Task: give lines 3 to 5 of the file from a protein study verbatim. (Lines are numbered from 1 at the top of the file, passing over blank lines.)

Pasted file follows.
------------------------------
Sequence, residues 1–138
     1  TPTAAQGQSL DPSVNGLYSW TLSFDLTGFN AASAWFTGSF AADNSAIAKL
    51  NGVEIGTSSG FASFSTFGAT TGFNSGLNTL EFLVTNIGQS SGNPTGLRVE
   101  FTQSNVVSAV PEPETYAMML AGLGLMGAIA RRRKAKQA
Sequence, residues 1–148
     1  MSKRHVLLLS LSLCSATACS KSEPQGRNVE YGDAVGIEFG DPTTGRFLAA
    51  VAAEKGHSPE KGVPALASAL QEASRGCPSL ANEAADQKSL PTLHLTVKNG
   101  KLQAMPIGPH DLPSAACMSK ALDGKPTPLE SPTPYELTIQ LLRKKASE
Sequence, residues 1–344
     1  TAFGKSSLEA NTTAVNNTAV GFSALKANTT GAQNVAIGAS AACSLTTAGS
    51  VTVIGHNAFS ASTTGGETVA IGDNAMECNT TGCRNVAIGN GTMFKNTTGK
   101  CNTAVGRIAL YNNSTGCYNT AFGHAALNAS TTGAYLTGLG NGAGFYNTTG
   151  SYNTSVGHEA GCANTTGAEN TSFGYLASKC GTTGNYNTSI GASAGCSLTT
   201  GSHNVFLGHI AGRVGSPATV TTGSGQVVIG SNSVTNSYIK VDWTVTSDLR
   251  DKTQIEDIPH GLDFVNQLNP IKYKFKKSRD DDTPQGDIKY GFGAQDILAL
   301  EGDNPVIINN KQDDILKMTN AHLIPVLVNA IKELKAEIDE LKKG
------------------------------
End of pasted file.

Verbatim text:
    51  NGVEIGTSSG FASFSTFGAT TGFNSGLNTL EFLVTNIGQS SGNPTGLRVE
   101  FTQSNVVSAV PEPETYAMML AGLGLMGAIA RRRKAKQA
Sequence, residues 1–148